Post

The Northern California Guides and Sportsmen’s Association (NCGASA) has filed a petition for regulatory change with the California Fish and Game Commission that would alter sport fishing such that only striped bass within a 10-inch size range could be legally harvested. Stripers less than 20 inches would be protected from harvest, as would stripers larger than 30 inches. The existing regulations allow anglers to keep any fish 18 inches or greater in length. The stated purpose of the proposed change to a “slot limit” is to contribute to the conservation of striped bass — to grow the population in the San Francisco Estuary and its tributary rivers and to boost […]
Just about every one of us was introduced to the scientific method in a middle-school science class. We were told that science happens when hypotheses about how things work are evaluated using observations and data. Facts we were told emerge when hypotheses stand up or don’t stand up to that test. And that we learned is how science is done  Of course, for the very most of us that straightforward explanation had no ready adolescent application, and the lesson like so many others was lost in the white noise of stuff that mattered at the time. Now, even for the teenagers who were later to become scientists, that early in-one-ear-and-out-the-other […]
If conservation scientists agree on one big thing, it’s that the destruction and fragmentation and degradation of habitats are the dominant threats to the persistence of most imperiled species.  Congress recognized that fact a half century ago in the purpose statement to the Endangered Species Act (ESA) – that is, “to provide a means whereby the ecosystems upon which endangered species and threatened species depend may be conserved.” In that light it is curious that the principal focus of the ESA is on species rather than their habitats. Concurrent with a determination to list a species as endangered or threatened under the ESA, Congress instructs the Fish and Wildlife Service […]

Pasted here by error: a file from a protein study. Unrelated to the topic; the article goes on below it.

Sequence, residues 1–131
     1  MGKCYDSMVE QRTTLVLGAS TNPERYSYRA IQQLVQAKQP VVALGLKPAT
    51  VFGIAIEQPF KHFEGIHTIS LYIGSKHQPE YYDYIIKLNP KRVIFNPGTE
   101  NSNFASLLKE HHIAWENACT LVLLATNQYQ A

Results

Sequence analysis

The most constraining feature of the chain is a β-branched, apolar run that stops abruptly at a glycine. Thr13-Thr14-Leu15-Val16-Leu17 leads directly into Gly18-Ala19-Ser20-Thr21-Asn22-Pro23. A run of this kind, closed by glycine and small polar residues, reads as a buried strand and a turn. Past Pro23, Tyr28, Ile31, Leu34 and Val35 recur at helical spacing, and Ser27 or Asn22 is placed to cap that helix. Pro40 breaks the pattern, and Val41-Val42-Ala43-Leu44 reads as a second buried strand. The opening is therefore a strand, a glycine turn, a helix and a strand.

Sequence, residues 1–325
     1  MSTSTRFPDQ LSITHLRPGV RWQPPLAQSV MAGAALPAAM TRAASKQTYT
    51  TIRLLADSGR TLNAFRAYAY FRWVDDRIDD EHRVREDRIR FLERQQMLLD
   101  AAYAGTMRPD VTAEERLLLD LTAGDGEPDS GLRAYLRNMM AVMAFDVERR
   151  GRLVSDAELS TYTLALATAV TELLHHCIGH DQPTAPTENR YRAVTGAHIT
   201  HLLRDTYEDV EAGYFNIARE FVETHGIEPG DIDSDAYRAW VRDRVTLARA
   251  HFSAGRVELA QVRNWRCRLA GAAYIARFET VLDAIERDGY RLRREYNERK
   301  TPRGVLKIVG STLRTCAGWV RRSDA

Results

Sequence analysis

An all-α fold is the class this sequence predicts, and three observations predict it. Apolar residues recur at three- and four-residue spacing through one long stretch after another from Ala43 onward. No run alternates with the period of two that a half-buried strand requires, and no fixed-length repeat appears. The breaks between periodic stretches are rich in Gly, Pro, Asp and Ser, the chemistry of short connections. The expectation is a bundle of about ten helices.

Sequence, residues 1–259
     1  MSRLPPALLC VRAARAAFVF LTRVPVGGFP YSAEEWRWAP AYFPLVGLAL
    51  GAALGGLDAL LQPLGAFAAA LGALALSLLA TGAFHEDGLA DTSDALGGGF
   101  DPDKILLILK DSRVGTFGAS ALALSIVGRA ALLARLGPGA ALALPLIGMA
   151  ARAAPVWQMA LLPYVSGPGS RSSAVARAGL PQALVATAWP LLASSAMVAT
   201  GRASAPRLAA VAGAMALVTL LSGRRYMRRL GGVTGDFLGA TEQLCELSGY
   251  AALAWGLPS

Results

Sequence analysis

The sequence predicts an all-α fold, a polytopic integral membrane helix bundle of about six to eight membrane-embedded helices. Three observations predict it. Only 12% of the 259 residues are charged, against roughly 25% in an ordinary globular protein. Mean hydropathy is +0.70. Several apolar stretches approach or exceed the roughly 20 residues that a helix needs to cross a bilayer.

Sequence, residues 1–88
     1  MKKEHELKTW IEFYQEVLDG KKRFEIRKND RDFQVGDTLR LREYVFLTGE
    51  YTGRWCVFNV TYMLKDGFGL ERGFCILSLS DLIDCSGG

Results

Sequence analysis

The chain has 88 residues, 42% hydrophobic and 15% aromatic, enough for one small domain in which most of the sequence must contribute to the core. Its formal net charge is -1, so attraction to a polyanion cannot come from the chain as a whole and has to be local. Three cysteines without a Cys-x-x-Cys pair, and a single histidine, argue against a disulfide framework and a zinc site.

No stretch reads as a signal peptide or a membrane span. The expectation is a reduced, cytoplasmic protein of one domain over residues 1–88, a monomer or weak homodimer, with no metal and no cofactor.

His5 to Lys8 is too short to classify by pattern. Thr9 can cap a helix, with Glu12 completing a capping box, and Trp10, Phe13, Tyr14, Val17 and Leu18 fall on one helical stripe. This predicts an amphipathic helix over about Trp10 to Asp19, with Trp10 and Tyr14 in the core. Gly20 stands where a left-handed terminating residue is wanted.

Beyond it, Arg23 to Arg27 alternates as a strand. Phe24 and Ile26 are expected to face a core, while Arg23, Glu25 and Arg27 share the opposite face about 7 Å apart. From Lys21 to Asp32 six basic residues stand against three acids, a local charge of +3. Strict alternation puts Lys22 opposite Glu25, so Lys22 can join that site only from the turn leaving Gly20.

This past week a number of federal, state, and local agencies took a significant first step toward negotiation of Voluntary Agreements (VAs) that could be the basis for implementing updated water quality objectives for California’s Bay-Delta. This is a notable milestone but much work remains. The participating agencies must agree upon the details of the VAs, and ultimately, the State Water Resources Control Board must consider whether to adopt the VAs as the means to implement the Bay-Delta Water Quality Control Plan. The memorandum of understanding (MOU) signed by the VA parties, and the term sheet attached to the MOU, explain the intent of those parties to present VAs to […]
American shad are the Chinook salmon of herring. Like Chinook salmon, adult American shad spend several years in the ocean before returning to rivers for spawning — they’re anadromous. Also, like salmon, anglers love shad because they’re fun to catch and good to eat. Well, okay, shad are not as good to eat as ocean caught salmon, but they are delicious when prepared well.  American shad are native to the east coast of North American. They were introduced to the Sacramento River after repeated releases of shad fry — transported via the then newly completed transcontinental railroad — between 1871 and 1880. Shad quickly became abundant in the Sacramento River […]
For the past three decades, the federal and California governments and diverse stakeholders have looked to scientists to explain the causes of the long-term population declines in fish species native to California’s Bay-Delta in an effort to chart a course to conserve those species. Water agencies across the State have invested billions of dollars in data collection and scientific research with the hope of finding clear answers to vexing problems stemming from more than a century of large-scale environmental change to the Pacific Coast’s most expansive estuary. Armed with a sense of urgency, regulatory agencies have felt the compulsion to act. “Clean narratives” sometimes supplied by scientists, but more often […]